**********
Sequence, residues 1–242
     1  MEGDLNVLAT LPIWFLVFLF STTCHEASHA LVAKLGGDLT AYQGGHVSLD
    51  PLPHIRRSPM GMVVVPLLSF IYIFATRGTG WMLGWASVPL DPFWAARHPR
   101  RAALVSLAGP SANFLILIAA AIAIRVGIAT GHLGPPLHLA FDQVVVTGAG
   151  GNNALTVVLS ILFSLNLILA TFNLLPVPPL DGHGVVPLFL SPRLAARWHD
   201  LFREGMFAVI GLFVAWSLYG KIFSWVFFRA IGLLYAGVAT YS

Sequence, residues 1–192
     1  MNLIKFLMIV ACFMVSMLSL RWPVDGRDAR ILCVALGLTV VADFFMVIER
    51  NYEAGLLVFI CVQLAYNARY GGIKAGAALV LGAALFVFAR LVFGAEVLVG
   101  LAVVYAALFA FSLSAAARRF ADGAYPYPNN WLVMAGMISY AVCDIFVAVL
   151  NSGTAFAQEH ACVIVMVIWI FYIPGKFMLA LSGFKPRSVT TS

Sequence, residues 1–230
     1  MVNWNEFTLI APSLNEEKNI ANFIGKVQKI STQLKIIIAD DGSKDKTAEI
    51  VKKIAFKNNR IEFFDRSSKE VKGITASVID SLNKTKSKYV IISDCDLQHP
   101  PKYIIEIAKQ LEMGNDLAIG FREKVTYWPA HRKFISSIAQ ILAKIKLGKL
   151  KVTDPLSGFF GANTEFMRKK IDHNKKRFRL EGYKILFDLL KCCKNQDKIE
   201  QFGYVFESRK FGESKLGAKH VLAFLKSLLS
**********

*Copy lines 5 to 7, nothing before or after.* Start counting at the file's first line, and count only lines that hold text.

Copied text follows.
   151  GNNALTVVLS ILFSLNLILA TFNLLPVPPL DGHGVVPLFL SPRLAARWHD
   201  LFREGMFAVI GLFVAWSLYG KIFSWVFFRA IGLLYAGVAT YS

Sequence, residues 1–192